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Array Networks 2018 Predictions: The Year of Enterprise NFV

VMblog Predictions 2018

Industry executives and experts share their predictions for 2018.  Read them in this 10th annual series exclusive.

Contributed by Paul Andersen, VP of Marketing, Array Networks

2018: The Year of Enterprise NFV

While network functions virtualization (NFV) has been widely embraced by major telcos throughout the world, its adoption has been much slower among enterprises. In 2018, we predict that will begin to change as enterprises recognize the operational and business benefits that NFV can offer.

Almost all of the major enterprise IT initiatives in 2018 - private/public/hybrid cloud, digital transformation, blockchain and others - are heavily reliant upon the underlying network infrastructure in order to meet their respective potentials. Networking and security functions are critical components of the infrastructure that can have a negative impact on performance, agility and overall robustness if they are not addressed in concert with other business initiatives.

In the past, the go-to choice for networking and security solutions like ADCs, NGFWs, WAFs and others was dedicated, hardware-based single-function appliances. This option offers the best possible performance and throughput, but lacks agility and the ability to scale as needed to support business growth.

Virtual editions of networking and security products are another option that many IT managers have gravitated to more recently; however while they offer much improvement in agility and scalability, because they typically run on commercial off-the-shelf hardware their performance is much lower than that of their respective physical appliance counterparts.

In addition, hyperconverged infrastructures, which hold promise to simplify IT and reduce costs, are increasingly being deployed. However, like virtualized environments, this option also employs general-purpose hardware and thus networking and security VA performance is compromised.

Network functions virtualization purports to address the performance, agility, scalability and/or robustness shortfalls of the previously discussed options, but as mentioned, enterprises have been slow to embrace it. Industry analysts have reported that members of enterprise IT management teams cite organizational disruption, potential skills deficits, and the inability to clearly define ROI as prime concerns.

This can and must change.

One promising sign is a new class of products, known as Network Functions Platforms or virtualized/multitenant appliances, that have the potential to help enterprises address their main concerns with NFV adoption, as well as the respective drawbacks of both dedicated and virtual appliances.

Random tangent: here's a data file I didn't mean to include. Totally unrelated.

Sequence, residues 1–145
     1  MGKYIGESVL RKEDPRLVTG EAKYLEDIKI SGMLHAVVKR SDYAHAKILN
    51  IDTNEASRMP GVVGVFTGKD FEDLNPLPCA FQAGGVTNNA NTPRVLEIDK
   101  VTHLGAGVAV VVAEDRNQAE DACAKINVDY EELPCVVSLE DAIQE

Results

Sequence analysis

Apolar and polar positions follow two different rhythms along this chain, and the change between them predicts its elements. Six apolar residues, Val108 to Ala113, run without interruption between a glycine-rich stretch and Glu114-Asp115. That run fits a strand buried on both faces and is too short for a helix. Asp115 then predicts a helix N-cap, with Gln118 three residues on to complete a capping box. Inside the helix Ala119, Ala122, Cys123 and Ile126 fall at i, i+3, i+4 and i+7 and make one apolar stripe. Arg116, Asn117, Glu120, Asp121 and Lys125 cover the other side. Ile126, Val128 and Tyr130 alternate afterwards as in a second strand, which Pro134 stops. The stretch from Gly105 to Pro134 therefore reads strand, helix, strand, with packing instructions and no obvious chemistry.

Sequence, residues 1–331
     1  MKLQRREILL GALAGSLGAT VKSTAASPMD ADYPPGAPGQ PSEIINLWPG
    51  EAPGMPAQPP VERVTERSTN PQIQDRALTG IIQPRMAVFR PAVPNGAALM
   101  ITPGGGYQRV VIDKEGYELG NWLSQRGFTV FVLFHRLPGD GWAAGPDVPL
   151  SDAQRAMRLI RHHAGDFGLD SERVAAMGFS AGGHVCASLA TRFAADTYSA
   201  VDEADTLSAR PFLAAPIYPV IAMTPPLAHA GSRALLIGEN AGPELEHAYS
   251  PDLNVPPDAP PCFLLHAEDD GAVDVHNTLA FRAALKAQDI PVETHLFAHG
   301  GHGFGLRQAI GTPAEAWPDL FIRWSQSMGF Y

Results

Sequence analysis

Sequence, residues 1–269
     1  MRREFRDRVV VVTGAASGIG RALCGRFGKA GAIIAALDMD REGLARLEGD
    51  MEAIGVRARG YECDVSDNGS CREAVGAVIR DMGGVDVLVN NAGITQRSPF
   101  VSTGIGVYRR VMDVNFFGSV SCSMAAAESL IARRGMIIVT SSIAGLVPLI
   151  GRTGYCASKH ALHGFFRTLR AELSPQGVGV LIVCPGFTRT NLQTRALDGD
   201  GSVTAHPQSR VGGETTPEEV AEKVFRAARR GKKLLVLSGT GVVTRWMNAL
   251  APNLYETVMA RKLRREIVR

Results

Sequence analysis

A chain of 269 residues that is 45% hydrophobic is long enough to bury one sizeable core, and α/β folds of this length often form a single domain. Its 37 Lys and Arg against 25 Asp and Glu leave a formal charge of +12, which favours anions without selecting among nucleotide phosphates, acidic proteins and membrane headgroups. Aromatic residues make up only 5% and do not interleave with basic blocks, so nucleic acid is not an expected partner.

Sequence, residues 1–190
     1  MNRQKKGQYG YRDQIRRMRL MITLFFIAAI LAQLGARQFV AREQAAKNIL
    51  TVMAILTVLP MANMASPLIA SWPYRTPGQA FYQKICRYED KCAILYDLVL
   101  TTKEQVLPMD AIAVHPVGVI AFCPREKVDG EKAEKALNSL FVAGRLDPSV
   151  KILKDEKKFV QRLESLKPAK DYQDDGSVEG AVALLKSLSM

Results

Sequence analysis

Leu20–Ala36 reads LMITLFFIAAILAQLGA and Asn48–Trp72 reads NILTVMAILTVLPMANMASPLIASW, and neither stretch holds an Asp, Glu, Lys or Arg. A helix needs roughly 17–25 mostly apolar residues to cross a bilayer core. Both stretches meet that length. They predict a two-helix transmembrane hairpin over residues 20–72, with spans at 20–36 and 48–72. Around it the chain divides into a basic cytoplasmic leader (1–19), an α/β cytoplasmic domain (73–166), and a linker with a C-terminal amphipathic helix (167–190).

Network Functions Platforms abstract and automate the complex configurations required by NFV so that any IT team - be it networking, server or virtualization focused - can easily and accurately deploy networking and security functions with little or no training needed. The intuitive WebUI also simplifies creation of service chaining, for example one or more ADC instances load balancing traffic across multiple WAF or NGFW instances.

Performance is guaranteed through dedicated resources (memory, I/O, SSL and compute) for each instance, and the ‘hypervisor tax' is minimized by providing separate resources for hypervisor overhead. In addition, by focusing on a narrower use case - networking and security functions central to supporting the performance of business-critical applications - ROI and TCO become much easier to calculate.

Network Functions Platforms may well be just the first step in achieving widespread adoption of NFV, but we believe they are an important steppingstone for enterprises that can have an immediate impact and pave the way for wider NFV deployments.


About the Author

Paul Andersen 

Paul Andersen is the VP of Sales, North America at Array Networks. He has more than 20 years of high-tech industry experience, and has previously served in various roles at Cisco Systems, Tasman Networks and Sun Microsystems. He served as Senior Director of Marketing for Array Networks for more than ten years, leading critical positioning, sales generation and marketing efforts as well as sales training and partner marketing, enablement and management. Paul holds a Bachelor's Degree in Marketing from San Jose State University. 

Published Wednesday, December 27, 2017 7:44 AM by David Marshall
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